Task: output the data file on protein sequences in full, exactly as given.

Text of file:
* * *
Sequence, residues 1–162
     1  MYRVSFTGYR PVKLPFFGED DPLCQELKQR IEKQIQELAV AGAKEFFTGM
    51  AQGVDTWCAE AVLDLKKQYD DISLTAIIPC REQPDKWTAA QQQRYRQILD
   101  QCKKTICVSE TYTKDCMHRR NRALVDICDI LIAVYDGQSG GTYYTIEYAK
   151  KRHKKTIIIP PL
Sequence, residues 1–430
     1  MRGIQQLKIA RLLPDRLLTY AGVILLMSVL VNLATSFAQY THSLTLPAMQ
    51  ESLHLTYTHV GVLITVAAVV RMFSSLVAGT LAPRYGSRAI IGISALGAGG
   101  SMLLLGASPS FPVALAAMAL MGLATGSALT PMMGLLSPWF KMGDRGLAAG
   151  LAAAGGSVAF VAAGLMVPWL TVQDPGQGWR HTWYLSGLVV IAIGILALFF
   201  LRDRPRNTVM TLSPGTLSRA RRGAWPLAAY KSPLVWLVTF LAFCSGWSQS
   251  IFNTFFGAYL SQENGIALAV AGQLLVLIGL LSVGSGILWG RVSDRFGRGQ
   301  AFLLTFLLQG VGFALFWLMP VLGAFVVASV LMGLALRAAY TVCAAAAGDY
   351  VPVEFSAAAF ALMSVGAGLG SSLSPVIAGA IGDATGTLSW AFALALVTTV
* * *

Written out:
Sequence, residues 1–162
     1  MYRVSFTGYR PVKLPFFGED DPLCQELKQR IEKQIQELAV AGAKEFFTGM
    51  AQGVDTWCAE AVLDLKKQYD DISLTAIIPC REQPDKWTAA QQQRYRQILD
   101  QCKKTICVSE TYTKDCMHRR NRALVDICDI LIAVYDGQSG GTYYTIEYAK
   151  KRHKKTIIIP PL
Sequence, residues 1–430
     1  MRGIQQLKIA RLLPDRLLTY AGVILLMSVL VNLATSFAQY THSLTLPAMQ
    51  ESLHLTYTHV GVLITVAAVV RMFSSLVAGT LAPRYGSRAI IGISALGAGG
   101  SMLLLGASPS FPVALAAMAL MGLATGSALT PMMGLLSPWF KMGDRGLAAG
   151  LAAAGGSVAF VAAGLMVPWL TVQDPGQGWR HTWYLSGLVV IAIGILALFF
   201  LRDRPRNTVM TLSPGTLSRA RRGAWPLAAY KSPLVWLVTF LAFCSGWSQS
   251  IFNTFFGAYL SQENGIALAV AGQLLVLIGL LSVGSGILWG RVSDRFGRGQ
   301  AFLLTFLLQG VGFALFWLMP VLGAFVVASV LMGLALRAAY TVCAAAAGDY
   351  VPVEFSAAAF ALMSVGAGLG SSLSPVIAGA IGDATGTLSW AFALALVTTV